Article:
7. Love your lawn

For a lovely lawn next spring, start to mow less frequently and raise the height of the grass as the growth rate slows down. Scarify your lawn by raking out dead grass and moss that has built up over the summer. Follow this with applying an high-potassium autumn lawn feed, which will release the correct balance of nutrients throughout the winter.

8. Cover up the furniture

When there is no more need for garden furniture, store it in the shed or garage to protect it from the winter weather and allow it to dry out. If you can’t do this, cover it with a tough waterproof sheet securely fixed down, taking care to allow plenty of air to circulate so that the furniture is not damp all winter. Wooden items, such as benches or pergolas, may benefit from a treatment of chemical preservative.

9. Give wildlife a hand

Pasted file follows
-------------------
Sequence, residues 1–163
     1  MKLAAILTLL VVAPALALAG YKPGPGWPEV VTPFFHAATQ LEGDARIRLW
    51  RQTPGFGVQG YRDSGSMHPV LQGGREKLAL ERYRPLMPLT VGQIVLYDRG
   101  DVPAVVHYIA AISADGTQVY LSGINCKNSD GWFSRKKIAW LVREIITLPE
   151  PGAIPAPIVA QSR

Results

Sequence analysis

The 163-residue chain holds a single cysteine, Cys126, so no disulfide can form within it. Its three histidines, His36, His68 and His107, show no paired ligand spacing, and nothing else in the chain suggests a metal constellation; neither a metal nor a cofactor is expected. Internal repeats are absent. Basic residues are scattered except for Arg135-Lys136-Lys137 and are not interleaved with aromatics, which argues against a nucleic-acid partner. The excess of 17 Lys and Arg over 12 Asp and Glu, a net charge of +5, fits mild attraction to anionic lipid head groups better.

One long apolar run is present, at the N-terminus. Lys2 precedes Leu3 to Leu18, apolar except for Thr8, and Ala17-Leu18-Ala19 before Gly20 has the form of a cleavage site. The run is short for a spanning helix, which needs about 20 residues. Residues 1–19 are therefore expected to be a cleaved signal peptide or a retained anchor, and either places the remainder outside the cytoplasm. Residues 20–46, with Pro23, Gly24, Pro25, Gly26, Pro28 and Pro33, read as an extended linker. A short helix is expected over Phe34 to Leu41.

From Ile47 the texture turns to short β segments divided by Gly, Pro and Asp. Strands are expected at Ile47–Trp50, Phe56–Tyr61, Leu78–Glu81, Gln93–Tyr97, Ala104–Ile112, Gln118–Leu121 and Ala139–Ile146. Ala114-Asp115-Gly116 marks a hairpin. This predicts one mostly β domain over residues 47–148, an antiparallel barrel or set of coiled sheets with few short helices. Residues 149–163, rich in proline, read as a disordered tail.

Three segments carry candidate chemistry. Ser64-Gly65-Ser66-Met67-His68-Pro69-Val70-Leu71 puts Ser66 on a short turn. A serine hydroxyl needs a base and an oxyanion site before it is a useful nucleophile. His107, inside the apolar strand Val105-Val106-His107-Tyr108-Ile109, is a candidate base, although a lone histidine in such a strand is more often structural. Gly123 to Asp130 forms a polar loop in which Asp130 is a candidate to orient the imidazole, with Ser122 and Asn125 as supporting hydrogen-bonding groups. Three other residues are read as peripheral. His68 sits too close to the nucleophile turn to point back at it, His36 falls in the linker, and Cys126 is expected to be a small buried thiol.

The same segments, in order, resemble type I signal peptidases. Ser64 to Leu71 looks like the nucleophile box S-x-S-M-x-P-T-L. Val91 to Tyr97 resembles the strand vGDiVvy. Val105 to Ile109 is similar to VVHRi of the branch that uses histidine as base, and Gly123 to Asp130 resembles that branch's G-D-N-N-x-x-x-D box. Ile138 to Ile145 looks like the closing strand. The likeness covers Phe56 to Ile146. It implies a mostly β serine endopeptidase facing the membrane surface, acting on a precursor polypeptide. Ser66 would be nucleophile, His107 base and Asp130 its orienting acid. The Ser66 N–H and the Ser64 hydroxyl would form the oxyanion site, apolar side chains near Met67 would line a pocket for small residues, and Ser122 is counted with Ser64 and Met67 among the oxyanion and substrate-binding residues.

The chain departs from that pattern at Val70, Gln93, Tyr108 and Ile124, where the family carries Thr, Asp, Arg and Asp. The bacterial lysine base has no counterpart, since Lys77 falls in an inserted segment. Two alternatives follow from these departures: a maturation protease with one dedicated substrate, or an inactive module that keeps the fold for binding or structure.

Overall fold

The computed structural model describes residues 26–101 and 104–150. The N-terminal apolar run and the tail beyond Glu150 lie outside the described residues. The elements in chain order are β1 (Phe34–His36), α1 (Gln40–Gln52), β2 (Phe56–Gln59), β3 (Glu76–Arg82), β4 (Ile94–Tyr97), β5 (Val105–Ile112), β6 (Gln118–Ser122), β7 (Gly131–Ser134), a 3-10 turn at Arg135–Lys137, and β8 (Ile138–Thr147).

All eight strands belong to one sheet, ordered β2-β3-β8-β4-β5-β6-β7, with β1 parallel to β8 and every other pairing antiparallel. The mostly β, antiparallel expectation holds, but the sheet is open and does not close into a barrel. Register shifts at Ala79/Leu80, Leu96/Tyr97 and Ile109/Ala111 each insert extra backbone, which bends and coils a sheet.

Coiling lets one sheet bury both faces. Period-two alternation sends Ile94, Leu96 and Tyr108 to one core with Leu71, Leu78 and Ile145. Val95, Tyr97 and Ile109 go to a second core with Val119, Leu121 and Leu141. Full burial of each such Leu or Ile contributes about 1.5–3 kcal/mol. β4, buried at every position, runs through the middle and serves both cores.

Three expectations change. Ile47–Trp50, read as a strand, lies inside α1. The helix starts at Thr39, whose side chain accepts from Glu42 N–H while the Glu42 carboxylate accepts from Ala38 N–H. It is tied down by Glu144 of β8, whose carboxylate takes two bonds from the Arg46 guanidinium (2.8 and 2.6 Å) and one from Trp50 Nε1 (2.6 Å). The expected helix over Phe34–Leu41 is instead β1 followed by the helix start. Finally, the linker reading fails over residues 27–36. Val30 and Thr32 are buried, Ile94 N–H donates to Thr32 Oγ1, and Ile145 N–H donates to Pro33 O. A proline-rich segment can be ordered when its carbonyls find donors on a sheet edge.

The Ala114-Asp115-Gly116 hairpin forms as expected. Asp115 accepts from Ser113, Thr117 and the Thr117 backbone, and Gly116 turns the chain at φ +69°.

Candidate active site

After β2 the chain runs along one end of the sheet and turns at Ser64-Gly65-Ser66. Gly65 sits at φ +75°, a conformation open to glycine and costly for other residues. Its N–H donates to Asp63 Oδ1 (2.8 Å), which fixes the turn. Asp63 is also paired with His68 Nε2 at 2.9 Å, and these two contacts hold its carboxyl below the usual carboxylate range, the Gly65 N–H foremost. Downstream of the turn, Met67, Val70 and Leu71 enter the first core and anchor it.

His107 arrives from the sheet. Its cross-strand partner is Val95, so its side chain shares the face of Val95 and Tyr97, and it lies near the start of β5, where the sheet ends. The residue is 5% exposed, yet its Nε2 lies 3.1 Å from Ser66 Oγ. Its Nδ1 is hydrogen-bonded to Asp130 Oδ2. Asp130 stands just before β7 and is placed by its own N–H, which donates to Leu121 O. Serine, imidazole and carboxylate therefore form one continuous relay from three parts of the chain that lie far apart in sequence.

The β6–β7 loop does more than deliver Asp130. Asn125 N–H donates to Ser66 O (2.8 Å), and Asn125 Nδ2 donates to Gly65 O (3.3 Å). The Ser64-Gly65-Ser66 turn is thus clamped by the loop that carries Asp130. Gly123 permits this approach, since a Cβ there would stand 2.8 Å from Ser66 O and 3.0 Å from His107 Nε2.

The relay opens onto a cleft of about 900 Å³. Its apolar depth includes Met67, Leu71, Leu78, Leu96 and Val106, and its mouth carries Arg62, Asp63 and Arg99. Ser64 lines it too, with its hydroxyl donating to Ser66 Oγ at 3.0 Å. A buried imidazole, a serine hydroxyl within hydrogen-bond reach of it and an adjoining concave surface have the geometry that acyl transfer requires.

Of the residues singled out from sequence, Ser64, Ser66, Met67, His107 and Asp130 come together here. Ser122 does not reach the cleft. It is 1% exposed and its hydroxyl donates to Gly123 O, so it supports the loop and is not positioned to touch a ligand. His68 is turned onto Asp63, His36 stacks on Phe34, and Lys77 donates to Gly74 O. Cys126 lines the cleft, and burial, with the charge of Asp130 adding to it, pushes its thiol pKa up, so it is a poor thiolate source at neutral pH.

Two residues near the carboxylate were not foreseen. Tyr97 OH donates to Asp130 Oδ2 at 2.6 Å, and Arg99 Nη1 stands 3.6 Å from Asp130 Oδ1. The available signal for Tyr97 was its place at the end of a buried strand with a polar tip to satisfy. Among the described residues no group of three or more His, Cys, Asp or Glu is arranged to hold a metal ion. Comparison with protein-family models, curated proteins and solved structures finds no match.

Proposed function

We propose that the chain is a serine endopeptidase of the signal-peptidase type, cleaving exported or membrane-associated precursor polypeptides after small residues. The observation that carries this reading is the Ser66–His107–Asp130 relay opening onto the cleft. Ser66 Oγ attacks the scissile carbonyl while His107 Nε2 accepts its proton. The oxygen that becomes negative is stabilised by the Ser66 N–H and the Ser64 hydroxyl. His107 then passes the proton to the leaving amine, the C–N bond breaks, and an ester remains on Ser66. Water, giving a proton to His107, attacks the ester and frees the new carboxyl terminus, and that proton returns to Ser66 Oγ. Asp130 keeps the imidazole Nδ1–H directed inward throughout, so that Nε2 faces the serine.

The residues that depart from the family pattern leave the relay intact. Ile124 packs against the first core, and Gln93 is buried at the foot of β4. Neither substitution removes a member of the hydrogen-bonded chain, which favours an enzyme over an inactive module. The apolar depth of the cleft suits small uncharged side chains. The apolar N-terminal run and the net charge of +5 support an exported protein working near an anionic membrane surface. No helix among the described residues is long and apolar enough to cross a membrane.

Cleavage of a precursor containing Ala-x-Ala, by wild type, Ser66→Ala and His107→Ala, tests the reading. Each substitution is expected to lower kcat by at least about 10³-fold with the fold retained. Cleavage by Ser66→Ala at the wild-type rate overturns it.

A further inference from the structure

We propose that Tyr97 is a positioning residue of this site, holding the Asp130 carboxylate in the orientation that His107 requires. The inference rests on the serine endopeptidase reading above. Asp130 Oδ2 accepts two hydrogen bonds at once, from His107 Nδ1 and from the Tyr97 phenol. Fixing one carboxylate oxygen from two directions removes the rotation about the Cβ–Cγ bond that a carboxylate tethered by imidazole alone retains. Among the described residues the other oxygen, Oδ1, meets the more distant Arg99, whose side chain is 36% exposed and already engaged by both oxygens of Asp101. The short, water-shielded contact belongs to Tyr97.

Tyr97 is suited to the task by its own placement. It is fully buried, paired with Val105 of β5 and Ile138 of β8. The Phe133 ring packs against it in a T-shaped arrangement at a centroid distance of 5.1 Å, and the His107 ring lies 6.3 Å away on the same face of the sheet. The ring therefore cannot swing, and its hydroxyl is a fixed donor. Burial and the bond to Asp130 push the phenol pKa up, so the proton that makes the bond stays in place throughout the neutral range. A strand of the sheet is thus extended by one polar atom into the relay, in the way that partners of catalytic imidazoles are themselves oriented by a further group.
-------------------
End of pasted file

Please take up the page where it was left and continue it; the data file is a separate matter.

Encourage birds into the garden by providing extra food. Place the feeder near a tall shrub, fence or mature tree to provide protection from predators. Plant berry-bearing plants for an extra source of food for birds and other wildlife. Firethorn, rowan and holly plants are recommended.

10. Protect your pond

Cover your pond with a net to stop falling leaves polluting the water, but make sure you clean it regularly to prevent the net from sinking into the pond. If it contains fish ensure that they can continue to breathe by preventing the water from freezing. Make sure the pond is at least 8ft deep because fish live in the deepest levels during the winter months.

Quirky gardening vid.


Gardyn